Why this change?
It turns out that anaphylaxis as a result of the flu shot is quite rare. Ten cases of anaphylaxis were reported among the 7.
4 million trivalent inactivated influenza vaccines — vaccines that use killed viruses to protect against three strains (types) of flu — that were given alone, corresponding to a rate of 1.35 events per one million shots.
These reactions may have been due to ingredients other than the very small amount of egg protein in the vaccine. Rare cases of anaphylaxis following the flu vaccine in patients with egg allergies have been reported.
However, there are several studies of children and adults with egg allergies, including one review of over 4,000 patients, who were given trivalent flu shots and none developed anaphylaxis. Studies with live-attenuated influenza vaccine (FluMist) showed similar findings (though the FluMist is not recommended this year because of concerns of lower effectiveness).
Get your flu shot
So the good news is that if you have been avoiding the flu shot in the past because of an egg allergy, studies suggest that a severe allergic reaction to the flu vaccine is quite rare.
So if you have never had a bad reaction to the flu shot itself, try to protect yourself this year by getting a flu shot now. Go to your doctor or hospital to get vaccinated.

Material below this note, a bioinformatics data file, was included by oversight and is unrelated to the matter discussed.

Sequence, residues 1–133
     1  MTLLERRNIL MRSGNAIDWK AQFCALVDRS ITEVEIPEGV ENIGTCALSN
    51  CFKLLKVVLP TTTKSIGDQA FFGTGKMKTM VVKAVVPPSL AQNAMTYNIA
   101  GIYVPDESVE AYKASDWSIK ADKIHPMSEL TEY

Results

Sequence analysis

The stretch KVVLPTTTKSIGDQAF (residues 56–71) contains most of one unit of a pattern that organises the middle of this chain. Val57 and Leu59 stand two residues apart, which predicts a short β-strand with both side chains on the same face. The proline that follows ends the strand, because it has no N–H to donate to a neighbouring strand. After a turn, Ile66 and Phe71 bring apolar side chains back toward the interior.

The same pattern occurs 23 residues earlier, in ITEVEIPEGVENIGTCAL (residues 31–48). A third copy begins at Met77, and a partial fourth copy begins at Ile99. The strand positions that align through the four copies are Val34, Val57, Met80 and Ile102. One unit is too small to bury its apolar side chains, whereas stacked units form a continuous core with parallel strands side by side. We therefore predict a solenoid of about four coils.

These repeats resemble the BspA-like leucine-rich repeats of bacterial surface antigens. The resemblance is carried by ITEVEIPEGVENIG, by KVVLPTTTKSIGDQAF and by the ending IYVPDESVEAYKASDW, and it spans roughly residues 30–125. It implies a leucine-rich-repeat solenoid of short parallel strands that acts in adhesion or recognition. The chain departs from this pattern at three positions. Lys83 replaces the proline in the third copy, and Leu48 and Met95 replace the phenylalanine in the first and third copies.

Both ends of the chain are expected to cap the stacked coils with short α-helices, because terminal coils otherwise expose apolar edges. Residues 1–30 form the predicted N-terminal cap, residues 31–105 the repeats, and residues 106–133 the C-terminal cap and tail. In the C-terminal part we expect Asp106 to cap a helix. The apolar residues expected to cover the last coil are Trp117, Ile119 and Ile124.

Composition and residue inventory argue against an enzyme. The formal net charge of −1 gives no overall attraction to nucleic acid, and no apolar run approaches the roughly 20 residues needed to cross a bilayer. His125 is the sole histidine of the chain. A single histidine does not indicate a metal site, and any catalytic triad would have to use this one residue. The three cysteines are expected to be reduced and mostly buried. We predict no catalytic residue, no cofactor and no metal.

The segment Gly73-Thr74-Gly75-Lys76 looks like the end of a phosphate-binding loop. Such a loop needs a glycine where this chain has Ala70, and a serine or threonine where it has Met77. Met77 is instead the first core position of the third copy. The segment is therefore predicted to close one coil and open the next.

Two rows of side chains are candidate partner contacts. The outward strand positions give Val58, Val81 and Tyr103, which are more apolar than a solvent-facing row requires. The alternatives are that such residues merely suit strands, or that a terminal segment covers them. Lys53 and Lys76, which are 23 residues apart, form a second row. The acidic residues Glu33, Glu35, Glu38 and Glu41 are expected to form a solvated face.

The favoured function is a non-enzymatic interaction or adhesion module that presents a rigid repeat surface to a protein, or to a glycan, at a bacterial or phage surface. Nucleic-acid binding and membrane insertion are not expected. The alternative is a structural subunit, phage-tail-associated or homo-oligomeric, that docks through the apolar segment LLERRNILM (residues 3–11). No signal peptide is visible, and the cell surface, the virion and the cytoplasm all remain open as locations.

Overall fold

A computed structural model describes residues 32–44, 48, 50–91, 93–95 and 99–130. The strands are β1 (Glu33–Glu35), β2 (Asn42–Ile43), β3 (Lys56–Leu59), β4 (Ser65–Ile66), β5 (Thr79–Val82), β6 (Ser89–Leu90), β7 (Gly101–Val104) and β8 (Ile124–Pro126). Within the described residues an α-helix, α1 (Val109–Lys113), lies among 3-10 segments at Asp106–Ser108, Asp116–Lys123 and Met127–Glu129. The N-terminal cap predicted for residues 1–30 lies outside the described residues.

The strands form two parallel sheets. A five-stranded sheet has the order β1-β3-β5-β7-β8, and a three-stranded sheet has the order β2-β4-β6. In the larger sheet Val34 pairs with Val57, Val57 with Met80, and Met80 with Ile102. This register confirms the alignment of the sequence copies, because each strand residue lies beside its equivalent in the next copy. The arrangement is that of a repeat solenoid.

This way you can get prompt treatment in the unly event that you have an immediate severe reaction.
Are Flu Vaccines Safe For People With Egg Allergies?
fcafotodigital / iStockphoto
For many years, flu shots were not recommended for people with egg allergies. The vaccine is grown in chicken eggs and it was thought that this could cause a serious allergic reaction in people with egg allergies.
For this reason, flu vaccines were avoided by people with egg allergies. However, current research and data show that the risk of this type of reaction, even in people with significant egg allergies, is extremely low.
Starting with the 2016-2017 flu season, the US Centers for Disease Control and Prevention (CDC) recommends that anyone with a history of egg allergy be vaccinated against the flu.
- Those with an egg allergy and a history of hives or rash only can be vaccinated just everyone else. No special precautions need to be taken.